The history department congratulates Professor Thomas Klubock on the publication of his new book, Ránquil: Rural Rebellion, Political Violence, and Historical Memory in Chile. Below, is the description for his book:
The first major history of Chile’s most significant peasant rebellion and the violent repression that followed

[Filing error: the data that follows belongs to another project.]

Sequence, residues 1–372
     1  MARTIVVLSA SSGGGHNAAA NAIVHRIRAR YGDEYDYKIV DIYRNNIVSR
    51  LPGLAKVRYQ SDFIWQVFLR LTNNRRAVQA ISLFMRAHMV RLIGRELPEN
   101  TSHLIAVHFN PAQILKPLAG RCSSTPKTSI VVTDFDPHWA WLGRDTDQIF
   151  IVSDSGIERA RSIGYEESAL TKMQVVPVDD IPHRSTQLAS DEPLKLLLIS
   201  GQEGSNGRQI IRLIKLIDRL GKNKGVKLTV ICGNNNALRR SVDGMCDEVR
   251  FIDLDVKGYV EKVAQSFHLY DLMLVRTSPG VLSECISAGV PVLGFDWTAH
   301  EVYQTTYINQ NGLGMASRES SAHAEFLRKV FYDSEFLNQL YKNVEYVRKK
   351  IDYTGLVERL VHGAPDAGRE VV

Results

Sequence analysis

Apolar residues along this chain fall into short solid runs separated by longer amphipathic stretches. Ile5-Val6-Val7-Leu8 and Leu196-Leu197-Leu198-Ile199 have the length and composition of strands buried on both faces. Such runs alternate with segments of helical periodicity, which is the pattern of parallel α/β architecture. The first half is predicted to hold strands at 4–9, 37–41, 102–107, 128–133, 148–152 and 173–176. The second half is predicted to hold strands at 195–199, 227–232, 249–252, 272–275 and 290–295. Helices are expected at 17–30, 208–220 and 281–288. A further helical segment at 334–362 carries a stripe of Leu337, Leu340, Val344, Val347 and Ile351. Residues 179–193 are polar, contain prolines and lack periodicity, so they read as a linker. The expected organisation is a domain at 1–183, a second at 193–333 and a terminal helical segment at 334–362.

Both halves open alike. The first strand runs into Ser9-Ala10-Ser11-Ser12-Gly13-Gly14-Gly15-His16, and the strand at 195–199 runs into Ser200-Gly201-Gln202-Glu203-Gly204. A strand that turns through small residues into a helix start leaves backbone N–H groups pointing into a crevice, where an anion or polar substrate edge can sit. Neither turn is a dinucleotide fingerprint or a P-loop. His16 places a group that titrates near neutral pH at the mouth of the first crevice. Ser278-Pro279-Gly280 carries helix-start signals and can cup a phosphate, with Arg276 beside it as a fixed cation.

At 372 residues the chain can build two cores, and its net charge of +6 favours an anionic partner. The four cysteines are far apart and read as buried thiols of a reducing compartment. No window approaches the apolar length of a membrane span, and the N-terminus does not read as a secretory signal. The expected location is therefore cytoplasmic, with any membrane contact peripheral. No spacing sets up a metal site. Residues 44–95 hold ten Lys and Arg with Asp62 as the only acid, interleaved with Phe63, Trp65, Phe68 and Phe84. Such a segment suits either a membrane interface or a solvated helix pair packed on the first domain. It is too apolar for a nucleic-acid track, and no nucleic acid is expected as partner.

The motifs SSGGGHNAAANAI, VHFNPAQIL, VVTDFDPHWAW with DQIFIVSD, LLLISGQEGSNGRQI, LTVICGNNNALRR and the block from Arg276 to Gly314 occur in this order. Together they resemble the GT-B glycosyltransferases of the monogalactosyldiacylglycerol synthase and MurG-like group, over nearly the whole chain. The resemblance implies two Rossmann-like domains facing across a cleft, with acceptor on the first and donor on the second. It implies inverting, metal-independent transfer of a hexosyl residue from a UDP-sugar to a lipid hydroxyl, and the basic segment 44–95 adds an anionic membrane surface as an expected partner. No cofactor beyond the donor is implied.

"In 1934, peasants turned to revolution to overturn Chile’s oligarchic political order and the profound social inequalities in the Chilean countryside. The brutal military counterinsurgency that followed was one of the worst acts of state terror in Chile until the military dictatorship of Augusto Pinochet (1973–1990). Using untapped archival sources, award-winning scholar Thomas Miller Klubock exposes Chile’s long history of political violence and authoritarianism and chronicles peasants’ movements to build a more just and freer society. Klubock further explores how an amnesty law that erased both the rebellion and the military atrocities lay the foundation for the political stability that characterized Chile’s multi-party democracy. This historical amnesia or olvido, Klubock argues, was a precondition of national reconciliation and democratic rule, which endured until 1973, when conflict in the countryside ended once again with violent repression during the Pinochet dictatorship."